Sunday, 1 July 2012

The Witness at the Royal Court and fond memories of being an agent






So last Thursday evening I was invited by my former client David Ajala to see him in The Witness at the Royal Court. David was one of my boys when I was a theatrical agent. I spotted him in a seminar I had held at the Court Theatre Training Company, I knew immediately then he had something and I hadn't even seen him act. I then saw him in a production and that was it, I knew had to be his agent.

Not only is David one of the best young actors in the UK he is one of the gentlest, nicest guys you could ever hope to meet. I felt like a proud Mum seeing her offspring excel themselves last week. It was quite often how I felt with a number of the actors when they finally realised their dreams of appearing on the National stage or at the RSC Stratford or here at the Royal Court. It is an actors ultimate goal to appear on one of the main stages in London and such an achievement, as these theatres really do have the pick of the crop.

The play was written by Vivienne Franzmann of Mogadishu fame, it centres around a Photojournalist Joseph who whilst taking the ultimate shot in Rwanda, rescued a young baby girl consequently adopting her. We meet the family when Alex (the young girl) returns home from her first year at Cambridge University. She begins to question her identity and her place in this very white middle class environment where she no longer feels she can relate to.  These feelings of confusion drive her to want to discover her homeland, her people and during this time of self doubt, both father and daughter's lives are turned upside down by a visitor from Rwanda. Life will never be the same again.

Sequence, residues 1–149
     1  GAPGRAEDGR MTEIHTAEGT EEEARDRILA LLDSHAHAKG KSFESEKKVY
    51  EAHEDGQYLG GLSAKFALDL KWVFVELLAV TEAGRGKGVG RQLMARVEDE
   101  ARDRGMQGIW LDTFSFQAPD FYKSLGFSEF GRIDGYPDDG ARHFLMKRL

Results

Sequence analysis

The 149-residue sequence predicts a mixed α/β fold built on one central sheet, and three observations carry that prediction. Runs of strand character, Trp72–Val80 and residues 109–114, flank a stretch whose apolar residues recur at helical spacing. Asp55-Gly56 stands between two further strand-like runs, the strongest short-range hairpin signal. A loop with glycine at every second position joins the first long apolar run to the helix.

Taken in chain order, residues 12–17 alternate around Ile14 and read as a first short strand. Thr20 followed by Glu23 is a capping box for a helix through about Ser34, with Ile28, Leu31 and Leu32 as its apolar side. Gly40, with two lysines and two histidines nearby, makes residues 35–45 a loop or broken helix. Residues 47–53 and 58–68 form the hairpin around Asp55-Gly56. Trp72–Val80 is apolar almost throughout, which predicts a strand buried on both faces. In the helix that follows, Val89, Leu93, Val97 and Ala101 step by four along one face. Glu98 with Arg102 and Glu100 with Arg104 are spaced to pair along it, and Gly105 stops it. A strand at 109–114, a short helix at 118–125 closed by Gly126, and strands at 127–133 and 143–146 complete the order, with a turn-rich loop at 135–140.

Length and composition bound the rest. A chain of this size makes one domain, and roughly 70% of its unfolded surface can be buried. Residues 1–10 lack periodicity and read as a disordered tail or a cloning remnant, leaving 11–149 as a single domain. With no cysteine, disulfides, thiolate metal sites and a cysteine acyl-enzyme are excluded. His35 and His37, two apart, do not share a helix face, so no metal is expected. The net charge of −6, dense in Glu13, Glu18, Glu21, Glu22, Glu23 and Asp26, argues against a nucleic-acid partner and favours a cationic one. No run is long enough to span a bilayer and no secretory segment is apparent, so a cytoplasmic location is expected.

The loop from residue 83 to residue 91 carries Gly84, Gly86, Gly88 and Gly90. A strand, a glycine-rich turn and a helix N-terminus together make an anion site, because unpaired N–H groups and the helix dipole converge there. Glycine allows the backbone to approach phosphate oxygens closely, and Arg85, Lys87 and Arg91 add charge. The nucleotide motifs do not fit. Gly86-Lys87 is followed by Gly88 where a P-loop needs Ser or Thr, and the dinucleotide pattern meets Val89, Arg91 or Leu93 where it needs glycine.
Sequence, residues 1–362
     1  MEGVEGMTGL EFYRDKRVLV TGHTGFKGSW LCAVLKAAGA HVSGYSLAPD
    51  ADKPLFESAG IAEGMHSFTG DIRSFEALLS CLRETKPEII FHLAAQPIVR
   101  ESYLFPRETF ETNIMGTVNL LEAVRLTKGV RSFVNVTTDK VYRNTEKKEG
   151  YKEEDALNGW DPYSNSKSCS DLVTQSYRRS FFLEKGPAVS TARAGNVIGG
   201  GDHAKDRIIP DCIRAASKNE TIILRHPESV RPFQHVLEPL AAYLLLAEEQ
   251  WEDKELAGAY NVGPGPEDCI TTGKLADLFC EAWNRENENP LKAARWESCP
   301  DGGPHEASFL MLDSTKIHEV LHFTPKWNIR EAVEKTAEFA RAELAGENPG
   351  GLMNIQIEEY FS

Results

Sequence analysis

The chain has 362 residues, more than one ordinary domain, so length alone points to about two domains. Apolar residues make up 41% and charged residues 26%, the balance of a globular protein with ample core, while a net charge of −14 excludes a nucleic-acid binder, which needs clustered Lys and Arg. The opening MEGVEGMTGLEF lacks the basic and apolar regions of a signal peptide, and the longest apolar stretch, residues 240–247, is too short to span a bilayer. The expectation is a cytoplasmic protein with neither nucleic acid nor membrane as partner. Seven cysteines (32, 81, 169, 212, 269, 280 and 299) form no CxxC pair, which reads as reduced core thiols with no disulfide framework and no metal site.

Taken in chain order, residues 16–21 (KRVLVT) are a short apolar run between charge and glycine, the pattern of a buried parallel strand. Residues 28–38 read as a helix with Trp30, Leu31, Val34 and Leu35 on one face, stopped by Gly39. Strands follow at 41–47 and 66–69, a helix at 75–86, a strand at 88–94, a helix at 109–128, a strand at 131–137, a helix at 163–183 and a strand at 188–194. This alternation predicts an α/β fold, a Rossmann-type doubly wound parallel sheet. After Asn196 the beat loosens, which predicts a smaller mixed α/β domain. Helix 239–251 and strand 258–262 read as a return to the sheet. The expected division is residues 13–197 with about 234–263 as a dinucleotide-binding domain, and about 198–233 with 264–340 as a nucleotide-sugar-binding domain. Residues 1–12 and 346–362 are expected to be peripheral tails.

The play is concise, sensitively written and incredibly moving, I defy anyone to keep a dry eye during one of the speeches given by the visitor in the second act. The play not only questions identity and heritage but also the code of ethics amongst photojournalists. Will photographers go to any lengths including breaking all human morals to get that photo that will make them famous, or to highlight the cause most effectively to the rest of the world?

The three actors were sensational, Danny Webb as the reclusive broken Photographer, Pippa Bennett-Warner as the confused lost Alex, and David as the powerful Visitor whose arrival takes the play onto a whole other level by exposing Joseph's deepest darkest secrets.

It was two hours of theatre as it should be; informative, confrontational and thought provoking. It's a shame the run ended last night otherwise I would have said go rush down to Sloane Square and see this important piece of theatre. Mind you, you can never go wrong with a play at the Court so check out the exciting shows coming up soon. Book early as they do tend to sell out pretty quickly, I'll be booking for the new Caryl Churchill play.



http://www.royalcourttheatre.com/